On the latest episode of “Drink Champs,” N.O.R.E. and DJ EFN had the chance to chop it up with legendary Atlanta rapper and self-proclaimed Snowman, Jeezy, to discuss his latest album and much more.
Born in Columbia, South Carolina and later raised in Georgia, Jeezy laid the foundation for his career through a handful of street mixtapes before dropping his Def Jam major label debut, Let’s Get It: Thug Motivation 101, in 2005. It spawned hit singles like “And Then What” featuring Mannie Fresh, “My Hood,” and “Soul Survivor” featuring Akon, the last of which peaked at No. 4 on the Billboard Hot 100 chart. The following year, he put out his sophomore album, The Inspiration, which preceded 2008’s The Recession. Not only did the project include Jeezy’s Nas-assisted track “My President” in celebration of Barack Obama’s Democratic nomination, but it also contained “Put On” featuring Kanye West, both of which are now certified Platinum by RIAA.
Jeezy has sold millions of albums and has repeatedly charted well throughout the course of his artistry with over a dozen full-length projects released to date. Alongside the likes of Gucci Mane and T.I., he is widely recognized for his contributions to taking the trap genre mainstream and his underground testimonials. In 2020, Jeezy notably went toe-to-toe with former foe Gucci Mane for Verzuz, which resulted in the two ending a decade-long feud. It also paved the way for his 12th studio album, The Recession 2, which dropped the following day.
The rapper’s latest project arrived in the form of SNOFALL earlier this month alongside DJ Drama, who formerly collaborated on Trap or Die in the mid-2000s. The 17-song offering boasts features from EST Gee, Lil Durk, and 42 Dugg.
To help give fans a recap, REVOLT compiled a list of nine facts we learned from Jeezy’s “Drink Champs” conversation. Continue scrolling to read them and watch the full episode here.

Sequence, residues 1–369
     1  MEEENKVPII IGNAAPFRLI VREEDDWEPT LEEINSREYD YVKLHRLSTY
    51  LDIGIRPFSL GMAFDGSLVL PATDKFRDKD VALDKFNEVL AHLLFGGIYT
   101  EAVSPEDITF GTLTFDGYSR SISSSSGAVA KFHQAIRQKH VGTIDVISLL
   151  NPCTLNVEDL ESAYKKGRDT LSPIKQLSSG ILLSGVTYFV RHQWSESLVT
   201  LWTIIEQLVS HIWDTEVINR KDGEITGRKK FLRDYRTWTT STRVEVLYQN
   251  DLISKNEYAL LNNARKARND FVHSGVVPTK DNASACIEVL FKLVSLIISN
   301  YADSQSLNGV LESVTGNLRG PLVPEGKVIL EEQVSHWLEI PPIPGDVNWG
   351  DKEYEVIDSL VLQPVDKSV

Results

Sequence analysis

1. On running into Freddie Gibbs and squashing their beef
Jeezy and Freddie Gibbs reconciled after their unexpected encounter at an airport. Before then, relations between the two were tense at best. The Atlanta artist signed Gibbs to CTE World Records in 2011, but the two had a contentious breakup the following year. Since then, they have exchanged diss songs, but Jeezy claimed that settling their differences was a relief.
“I never had no issue with Gibbs. I always knew he was going to pop. I always knew he was going to be on. When I think about all of this in music, [the streets] or anything, it really be a lack of communication,” Jeezy shared. N.O.R.E. briefly interjected to point out that Gibbs admitted he was wrong, to which the rapper replied, “And I respect that. I didn’t understand where he was coming from, but if we communicated, I could’ve been like, ‘Nah, bro, that ain’t that.’”
2. On DJ Khaled helping put an end to his feud with Rick Ross
Jeezy and Rick Ross put their troubles aside after years of feuding and their infamous fight backstage at the 2012 BET Hip Hop Awards. As a sign of their mutual respect for each other, they collaborated on “War Ready” in 2014. The Atlanta rapper claimed that DJ Khaled facilitated their reunion and that they discovered they didn’t really have any problems with each other after all.